In light of the Panthers’ trade, in which they sent a fifth-round pick that only becomes a fourth-round pick if Mayfield plays at least 70% of the Panthers’ snaps, the 49ers are unlikely to receive a deal they cannot refuse. To make matters worse, Garoppolo’s recent shoulder surgery complicates an already suboptimal situation regarding his durability, as he played in just over half of his possible 80 games with San Francisco. The Athletic reported on July 12th that Garoppolo has been throwing for “two to three weeks,” which may be beneficial for his value if he is ready at some point during training camp.
There are logical trade candidates, though. At this point, the Texans, Giants, Buccaneers, and even the division rival Seahawks appear to be the most sensible. While Garoppolo would not bring in anything close to the Deshaun Watson haul, teams may be willing to pay more for him than the Panthers did for Baker Mayfield due to his proven record of winning.
One potential option is the Seahawks, who are amidst a quarterback battle between Drew Lock and Geno Smith. Bringing on Garoppolo would settle that uncertainty. One proposal that makes sense for both sides would be for Seattle to ship off a 2024 or 2025 third-round pick conditioned on Garoppolo playing at least eight games in 2022. The Seahawks and 49ers could work out a similar arrangement as the Browns and Panthers did, though that could be counterproductive for their precarious cap situation.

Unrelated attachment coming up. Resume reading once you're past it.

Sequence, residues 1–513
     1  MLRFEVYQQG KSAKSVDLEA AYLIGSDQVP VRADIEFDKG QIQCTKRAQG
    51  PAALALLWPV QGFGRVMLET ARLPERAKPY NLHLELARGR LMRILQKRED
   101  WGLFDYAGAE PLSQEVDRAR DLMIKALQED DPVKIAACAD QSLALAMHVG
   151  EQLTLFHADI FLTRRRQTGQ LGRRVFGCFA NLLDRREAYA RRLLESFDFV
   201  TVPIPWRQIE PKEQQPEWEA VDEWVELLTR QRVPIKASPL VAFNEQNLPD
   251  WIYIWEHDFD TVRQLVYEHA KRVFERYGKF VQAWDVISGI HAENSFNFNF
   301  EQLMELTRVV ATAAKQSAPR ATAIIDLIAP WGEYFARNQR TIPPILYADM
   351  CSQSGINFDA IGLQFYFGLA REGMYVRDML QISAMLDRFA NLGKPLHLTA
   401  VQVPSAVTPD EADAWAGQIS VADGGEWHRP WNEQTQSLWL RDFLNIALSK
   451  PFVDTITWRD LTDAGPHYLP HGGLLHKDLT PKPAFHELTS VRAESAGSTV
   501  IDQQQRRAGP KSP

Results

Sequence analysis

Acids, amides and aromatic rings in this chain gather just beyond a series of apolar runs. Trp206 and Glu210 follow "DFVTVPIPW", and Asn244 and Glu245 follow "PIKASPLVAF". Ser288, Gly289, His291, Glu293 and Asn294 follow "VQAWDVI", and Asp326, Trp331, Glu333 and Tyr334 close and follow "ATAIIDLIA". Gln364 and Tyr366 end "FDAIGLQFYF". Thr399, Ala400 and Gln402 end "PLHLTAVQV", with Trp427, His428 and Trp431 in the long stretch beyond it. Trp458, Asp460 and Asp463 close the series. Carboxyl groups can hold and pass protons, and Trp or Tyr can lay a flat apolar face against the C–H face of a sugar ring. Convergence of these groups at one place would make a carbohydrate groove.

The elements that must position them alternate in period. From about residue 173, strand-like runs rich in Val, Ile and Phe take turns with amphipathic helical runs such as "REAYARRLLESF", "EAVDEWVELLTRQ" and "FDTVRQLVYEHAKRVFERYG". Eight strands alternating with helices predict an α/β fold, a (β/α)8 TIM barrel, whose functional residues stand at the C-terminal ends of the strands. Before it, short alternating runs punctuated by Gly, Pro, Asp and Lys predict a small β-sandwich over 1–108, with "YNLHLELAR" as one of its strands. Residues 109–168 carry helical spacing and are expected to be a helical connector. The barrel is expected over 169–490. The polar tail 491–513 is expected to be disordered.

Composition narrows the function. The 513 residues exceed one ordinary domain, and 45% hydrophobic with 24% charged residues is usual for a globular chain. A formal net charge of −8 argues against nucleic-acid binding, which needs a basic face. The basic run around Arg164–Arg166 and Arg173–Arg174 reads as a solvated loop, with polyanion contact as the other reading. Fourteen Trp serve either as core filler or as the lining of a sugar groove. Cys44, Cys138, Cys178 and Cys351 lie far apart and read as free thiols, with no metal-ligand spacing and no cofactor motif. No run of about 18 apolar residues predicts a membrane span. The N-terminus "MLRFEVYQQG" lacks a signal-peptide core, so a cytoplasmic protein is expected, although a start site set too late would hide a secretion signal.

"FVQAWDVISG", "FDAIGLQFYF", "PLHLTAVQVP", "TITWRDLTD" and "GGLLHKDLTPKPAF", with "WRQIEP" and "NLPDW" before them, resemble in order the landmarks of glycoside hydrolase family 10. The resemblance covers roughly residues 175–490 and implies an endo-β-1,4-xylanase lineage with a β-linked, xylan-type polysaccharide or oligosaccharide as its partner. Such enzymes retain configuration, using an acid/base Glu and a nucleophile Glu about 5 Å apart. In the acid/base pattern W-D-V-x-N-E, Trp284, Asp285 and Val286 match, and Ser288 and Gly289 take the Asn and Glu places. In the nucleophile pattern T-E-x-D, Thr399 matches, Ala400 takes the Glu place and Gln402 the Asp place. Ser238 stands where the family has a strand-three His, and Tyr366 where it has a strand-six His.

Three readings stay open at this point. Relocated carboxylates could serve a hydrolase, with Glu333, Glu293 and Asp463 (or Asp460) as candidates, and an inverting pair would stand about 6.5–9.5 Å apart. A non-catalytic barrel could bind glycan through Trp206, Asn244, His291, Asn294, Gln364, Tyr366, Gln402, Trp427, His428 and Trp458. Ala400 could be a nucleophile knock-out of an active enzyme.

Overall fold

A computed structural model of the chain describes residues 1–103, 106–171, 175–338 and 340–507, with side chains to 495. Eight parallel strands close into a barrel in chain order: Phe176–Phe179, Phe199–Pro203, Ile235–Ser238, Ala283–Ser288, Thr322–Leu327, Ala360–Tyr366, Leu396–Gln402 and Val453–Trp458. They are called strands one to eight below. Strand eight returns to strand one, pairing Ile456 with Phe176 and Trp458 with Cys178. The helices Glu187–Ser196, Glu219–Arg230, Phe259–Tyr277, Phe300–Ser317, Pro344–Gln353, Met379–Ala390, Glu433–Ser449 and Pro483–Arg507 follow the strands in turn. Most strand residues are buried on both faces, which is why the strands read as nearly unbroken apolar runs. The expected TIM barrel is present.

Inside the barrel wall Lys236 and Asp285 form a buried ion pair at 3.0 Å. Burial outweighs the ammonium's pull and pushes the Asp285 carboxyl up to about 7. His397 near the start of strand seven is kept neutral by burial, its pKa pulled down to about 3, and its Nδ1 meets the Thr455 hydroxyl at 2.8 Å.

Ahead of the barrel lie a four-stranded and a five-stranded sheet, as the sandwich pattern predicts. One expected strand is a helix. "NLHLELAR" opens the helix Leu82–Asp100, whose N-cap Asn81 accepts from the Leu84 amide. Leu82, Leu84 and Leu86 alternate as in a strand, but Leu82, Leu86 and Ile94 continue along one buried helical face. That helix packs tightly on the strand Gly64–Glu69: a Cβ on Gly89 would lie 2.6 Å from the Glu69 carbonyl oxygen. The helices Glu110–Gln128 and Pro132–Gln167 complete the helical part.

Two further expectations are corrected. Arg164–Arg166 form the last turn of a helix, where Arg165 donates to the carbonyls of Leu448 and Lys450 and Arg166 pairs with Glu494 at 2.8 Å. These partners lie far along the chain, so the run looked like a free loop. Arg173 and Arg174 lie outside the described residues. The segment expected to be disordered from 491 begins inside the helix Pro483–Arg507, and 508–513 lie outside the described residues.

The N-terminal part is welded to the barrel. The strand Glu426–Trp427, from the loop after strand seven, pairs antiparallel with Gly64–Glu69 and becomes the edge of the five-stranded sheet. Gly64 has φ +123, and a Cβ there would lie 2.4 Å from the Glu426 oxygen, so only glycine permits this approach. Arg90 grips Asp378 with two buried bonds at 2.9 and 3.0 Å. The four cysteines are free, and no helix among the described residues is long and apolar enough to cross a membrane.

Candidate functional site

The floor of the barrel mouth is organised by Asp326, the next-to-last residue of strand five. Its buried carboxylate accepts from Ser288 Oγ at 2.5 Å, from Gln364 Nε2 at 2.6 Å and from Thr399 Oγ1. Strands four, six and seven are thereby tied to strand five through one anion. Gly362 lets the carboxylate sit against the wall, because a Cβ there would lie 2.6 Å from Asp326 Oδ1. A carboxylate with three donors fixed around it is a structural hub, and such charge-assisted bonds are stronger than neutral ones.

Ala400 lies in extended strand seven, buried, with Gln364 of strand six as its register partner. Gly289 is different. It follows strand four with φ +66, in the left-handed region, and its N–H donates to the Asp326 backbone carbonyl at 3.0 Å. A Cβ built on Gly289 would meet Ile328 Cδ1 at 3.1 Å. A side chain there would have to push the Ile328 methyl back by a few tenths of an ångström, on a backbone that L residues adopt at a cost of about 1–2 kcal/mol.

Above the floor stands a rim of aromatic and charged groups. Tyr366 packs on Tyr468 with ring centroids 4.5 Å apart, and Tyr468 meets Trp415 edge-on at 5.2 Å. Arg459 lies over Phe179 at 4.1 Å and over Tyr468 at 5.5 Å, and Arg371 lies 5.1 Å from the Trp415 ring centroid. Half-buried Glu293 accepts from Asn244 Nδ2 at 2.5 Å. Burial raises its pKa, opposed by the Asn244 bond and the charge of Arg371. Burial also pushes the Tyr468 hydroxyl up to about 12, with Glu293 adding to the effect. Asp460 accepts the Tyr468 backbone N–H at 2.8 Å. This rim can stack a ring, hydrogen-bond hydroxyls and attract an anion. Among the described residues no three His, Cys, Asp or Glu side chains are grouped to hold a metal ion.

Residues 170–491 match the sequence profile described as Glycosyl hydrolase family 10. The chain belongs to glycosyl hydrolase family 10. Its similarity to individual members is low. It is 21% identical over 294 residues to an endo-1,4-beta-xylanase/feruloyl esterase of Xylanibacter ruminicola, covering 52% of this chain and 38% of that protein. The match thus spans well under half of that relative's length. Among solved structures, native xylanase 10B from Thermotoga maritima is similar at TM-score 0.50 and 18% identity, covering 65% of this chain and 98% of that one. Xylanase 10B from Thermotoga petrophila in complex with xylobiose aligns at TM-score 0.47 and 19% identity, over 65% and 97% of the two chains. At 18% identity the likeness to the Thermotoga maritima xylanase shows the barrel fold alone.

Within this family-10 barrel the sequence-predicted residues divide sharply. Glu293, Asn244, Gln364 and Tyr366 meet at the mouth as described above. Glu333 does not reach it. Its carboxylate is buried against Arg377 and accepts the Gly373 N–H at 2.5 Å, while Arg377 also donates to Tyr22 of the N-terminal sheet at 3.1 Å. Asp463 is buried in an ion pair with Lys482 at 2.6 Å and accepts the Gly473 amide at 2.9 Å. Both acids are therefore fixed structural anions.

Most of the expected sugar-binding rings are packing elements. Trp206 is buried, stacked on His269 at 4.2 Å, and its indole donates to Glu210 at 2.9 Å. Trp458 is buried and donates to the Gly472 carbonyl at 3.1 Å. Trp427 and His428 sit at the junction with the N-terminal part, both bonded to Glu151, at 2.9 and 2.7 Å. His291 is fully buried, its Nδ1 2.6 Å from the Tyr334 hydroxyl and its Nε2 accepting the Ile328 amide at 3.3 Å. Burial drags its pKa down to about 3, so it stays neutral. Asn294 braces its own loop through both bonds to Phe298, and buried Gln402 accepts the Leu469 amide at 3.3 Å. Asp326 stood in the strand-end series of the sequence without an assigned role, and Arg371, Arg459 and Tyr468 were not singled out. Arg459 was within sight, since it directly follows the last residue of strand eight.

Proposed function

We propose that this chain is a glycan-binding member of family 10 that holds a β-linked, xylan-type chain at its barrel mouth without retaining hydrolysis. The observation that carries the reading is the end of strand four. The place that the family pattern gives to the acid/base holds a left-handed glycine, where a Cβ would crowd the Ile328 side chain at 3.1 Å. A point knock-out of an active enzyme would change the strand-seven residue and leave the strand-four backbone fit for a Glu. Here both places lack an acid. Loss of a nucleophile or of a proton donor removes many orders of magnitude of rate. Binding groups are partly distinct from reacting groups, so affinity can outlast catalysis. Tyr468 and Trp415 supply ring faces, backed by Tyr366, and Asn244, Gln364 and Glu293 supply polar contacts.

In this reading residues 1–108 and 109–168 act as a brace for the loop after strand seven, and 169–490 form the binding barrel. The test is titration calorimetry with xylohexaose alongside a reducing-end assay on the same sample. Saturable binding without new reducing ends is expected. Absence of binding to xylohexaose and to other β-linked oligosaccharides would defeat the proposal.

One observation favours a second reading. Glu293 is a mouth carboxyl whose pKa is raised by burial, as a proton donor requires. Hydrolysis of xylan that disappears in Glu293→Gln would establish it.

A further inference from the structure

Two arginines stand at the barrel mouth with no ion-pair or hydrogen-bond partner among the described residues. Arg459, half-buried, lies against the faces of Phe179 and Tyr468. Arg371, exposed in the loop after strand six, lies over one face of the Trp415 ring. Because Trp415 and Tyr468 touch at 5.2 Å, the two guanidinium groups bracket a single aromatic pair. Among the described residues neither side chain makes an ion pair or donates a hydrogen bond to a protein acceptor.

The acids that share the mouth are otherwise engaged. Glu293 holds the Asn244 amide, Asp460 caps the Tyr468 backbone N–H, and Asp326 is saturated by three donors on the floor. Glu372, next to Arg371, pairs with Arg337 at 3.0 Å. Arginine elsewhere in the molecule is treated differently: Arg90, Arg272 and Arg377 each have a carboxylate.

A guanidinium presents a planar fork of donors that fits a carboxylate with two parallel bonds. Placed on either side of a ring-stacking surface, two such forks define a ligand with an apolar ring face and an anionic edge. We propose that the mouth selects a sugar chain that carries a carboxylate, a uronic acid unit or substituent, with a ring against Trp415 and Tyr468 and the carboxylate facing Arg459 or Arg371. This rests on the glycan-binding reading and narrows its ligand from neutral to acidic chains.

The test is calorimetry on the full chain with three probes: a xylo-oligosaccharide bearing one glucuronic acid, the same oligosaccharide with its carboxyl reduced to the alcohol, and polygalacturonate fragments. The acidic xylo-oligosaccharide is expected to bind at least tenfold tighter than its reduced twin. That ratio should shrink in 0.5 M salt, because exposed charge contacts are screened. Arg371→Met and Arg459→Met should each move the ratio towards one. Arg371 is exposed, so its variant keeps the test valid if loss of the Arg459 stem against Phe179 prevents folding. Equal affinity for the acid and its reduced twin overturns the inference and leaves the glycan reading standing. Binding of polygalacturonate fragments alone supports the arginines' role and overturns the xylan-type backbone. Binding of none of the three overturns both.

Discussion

Instead, the Seahawks could extend Garoppolo’s contract beyond 2022 and convert his base salary of $24.2M into a signing bonus, which would be prorated over the length of the extension, therefore softening Garoppolo’s cap hit. This is a standard cap maneuver, and the most basic form of restructuring an expiring contract is called a maximum restructure.
Teams may be hesitant to restructure Garoppolo’s deal, however, because converting his base salary into a bonus to be prorated over the length of an extension would mean that his once unprotected cash flow becomes 100% guaranteed.